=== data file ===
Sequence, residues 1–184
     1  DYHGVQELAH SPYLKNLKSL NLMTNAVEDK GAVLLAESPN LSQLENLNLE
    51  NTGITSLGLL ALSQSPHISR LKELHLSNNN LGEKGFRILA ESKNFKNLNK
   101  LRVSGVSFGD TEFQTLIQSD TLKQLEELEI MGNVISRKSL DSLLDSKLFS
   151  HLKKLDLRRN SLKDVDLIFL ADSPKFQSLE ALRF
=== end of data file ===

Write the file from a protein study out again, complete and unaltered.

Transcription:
Sequence, residues 1–184
     1  DYHGVQELAH SPYLKNLKSL NLMTNAVEDK GAVLLAESPN LSQLENLNLE
    51  NTGITSLGLL ALSQSPHISR LKELHLSNNN LGEKGFRILA ESKNFKNLNK
   101  LRVSGVSFGD TEFQTLIQSD TLKQLEELEI MGNVISRKSL DSLLDSKLFS
   151  HLKKLDLRRN SLKDVDLIFL ADSPKFQSLE ALRF